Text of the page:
Last night was Third Tuesday so it was Wexford Science Café night. Last month we had a very interesting and informative presentation from Denis Shannon, organic farmer, about the low input, great output way he runs his small-holding. It's all about the microbes, stupid! By looking at and living with his fields over nearly 20 years, he knows each low patch and subterranean boulder and remembers exactly where he dropped and spread a load of farm-yard manure 3 years ago. That will be ready for carrots this Spring. His knowledge of his clods is like James Rebanks' knowledge of his ewes, which is to say near omniscient. In neither case are their sources of income generic 'units' that can be safely treated as equivalent. Larger, more affluent, more 'modern' farmers haven't got the time for that and horse out fertiliser in quantities across the fields so that, on average, they hope to get the dose correct. And because, for these new-magnates, time is money and fertiliser is artificially cheap [VAT-free in Ireland!], there is a tendency to throw a little extra out of the hopper for luck. Extra fertiliser destroys the ecological balance in water-courses as it runs off the fields and boosts the growth of oxygen-depleting algae.
We can, from our city sofas, take the high moral ground on this over breakfast (that's why we try to get The Blob out early each morning) and then retire to the bathroom to ease ourselves. A quick sit, a quick shit, and 12 litres of fecally contaminated water is sent off-site. Not so smug now, city-boy? We're not all like this, even in the West. A vanishingly small cohort of out-theres are engaged with their outputs the same way as Denis and James are engaged with their inputs. When we moved into the farrrm in 1996, we found no flush-toilet, indeed we found no running water except that which trickled down the drain beside the lane up to the house. Old Ray, the previous incumbent, did his business in various corners of the fields, presumably in the lee of a hedge if it was driving rain. If every bucket of water had to be carried from the spring, he wasn't about to contaminate one with coliform. He died and we bought, and he was almost the last of a dying breed: there are very few homes in Ireland today that don't have indoor sanitation. That's progress.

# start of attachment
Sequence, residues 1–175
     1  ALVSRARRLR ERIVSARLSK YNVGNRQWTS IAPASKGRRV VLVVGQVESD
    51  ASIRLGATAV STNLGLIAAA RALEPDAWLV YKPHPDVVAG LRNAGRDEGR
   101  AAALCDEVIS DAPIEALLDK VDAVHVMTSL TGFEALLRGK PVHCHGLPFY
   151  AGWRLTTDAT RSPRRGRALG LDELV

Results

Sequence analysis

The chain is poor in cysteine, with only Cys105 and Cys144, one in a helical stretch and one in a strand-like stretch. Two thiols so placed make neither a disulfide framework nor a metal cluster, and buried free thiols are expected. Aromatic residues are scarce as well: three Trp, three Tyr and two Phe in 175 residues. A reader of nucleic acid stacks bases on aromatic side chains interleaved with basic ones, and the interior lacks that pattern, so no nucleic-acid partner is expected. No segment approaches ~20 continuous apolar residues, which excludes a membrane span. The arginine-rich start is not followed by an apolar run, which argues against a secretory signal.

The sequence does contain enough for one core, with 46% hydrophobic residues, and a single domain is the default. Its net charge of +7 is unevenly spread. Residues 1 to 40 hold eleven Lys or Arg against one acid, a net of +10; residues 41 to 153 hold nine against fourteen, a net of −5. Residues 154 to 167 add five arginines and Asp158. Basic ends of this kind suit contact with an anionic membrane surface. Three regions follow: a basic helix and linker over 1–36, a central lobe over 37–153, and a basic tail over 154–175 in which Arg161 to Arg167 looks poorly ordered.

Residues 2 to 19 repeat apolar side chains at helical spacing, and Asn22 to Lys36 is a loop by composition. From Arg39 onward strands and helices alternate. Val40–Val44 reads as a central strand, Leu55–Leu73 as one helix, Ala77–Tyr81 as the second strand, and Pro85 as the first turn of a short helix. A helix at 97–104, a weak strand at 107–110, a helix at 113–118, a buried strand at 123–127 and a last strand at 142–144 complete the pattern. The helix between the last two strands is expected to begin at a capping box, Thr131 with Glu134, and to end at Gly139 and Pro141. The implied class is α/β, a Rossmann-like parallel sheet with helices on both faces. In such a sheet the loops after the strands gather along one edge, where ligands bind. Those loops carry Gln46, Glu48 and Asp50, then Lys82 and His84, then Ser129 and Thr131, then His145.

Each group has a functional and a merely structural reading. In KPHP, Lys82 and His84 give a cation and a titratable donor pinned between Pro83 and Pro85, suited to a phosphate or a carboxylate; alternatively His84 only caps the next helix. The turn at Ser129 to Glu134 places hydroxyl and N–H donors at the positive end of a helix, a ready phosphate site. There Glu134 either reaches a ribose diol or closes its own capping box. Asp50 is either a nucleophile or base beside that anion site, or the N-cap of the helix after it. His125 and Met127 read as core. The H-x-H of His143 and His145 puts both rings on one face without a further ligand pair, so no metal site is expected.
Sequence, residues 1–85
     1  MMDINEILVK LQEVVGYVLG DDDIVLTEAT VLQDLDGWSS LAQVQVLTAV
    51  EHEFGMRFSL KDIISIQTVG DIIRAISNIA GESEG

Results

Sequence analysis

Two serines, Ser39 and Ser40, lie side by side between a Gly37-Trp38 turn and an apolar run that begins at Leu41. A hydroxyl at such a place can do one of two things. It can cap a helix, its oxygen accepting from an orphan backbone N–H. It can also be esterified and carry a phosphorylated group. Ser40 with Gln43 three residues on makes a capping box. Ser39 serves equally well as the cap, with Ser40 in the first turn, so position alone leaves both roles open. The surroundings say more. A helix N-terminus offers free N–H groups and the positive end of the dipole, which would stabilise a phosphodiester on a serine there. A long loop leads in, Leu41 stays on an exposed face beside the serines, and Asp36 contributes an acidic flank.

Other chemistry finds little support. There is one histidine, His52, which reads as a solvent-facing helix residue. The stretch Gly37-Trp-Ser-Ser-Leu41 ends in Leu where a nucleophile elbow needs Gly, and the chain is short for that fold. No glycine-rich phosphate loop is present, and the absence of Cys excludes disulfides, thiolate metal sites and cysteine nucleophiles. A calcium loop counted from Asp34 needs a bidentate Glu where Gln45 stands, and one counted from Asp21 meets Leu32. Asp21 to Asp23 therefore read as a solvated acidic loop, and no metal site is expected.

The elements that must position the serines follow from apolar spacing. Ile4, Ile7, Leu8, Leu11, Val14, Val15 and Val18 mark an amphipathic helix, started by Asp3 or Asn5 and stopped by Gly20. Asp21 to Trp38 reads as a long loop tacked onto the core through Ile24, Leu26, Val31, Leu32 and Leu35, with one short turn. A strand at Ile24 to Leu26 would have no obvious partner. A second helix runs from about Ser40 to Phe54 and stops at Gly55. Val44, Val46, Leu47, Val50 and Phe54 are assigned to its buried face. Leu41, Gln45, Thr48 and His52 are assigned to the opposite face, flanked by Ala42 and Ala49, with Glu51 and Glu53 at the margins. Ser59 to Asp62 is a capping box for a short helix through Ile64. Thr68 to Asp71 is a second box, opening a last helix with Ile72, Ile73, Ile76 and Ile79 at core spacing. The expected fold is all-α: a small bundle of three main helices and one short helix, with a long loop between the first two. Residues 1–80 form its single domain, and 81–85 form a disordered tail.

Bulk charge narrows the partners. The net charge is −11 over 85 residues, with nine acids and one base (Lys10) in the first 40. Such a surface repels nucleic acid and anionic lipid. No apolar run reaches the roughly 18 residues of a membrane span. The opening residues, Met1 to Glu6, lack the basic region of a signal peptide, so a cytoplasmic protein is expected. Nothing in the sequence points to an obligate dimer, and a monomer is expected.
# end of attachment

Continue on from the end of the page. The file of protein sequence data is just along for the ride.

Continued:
urine is rich in [growth-rate limiting] nitrogen it is also rich in salt.
We were well impressed, in a good for you + glad it's not me way. But the question we asked was: who is in the market for a such a clever piece of engineering. With Chris's original system, the kit was all generic: planks, screws, paint, tiles, grout, bucket but I can't just now think of an alternative use for a separating toilet bowl - it's too big for a hat. If someone is making them and someone else is selling, who in heck is buying? Where is the market? Surprisingly extensive . . . and growing. Not only for building-sites and pop-festivals but increasingly as the most economical solution in new-build houses under draconian [and not before time] regulations for the safe and sustainable disposal of human waste. Safe disposal brought to mind some home-eddy friends of ours in West Cork, who had a bucket in the bathroom system but whose bathroom was upstairs. All went well for many years until the fear an tí stumbled at the top of the stairs and delivered a full bucket explosively to the hallway below.
It's not all or nothing. As Ireland moves into metered water, and we effectively have to pay for each drop, more of us are going to be less thoughtless with the flush-handle. In 1998, we had a huge party and needed to cosset our toilet a bit. We put a sign [not original to us!] up saying "If it's yellow, let it mellow. If it's brown, flush it down." It was too much for some of our guests to break the habit of a lifetime, but some obeyed the instruction and nobody died.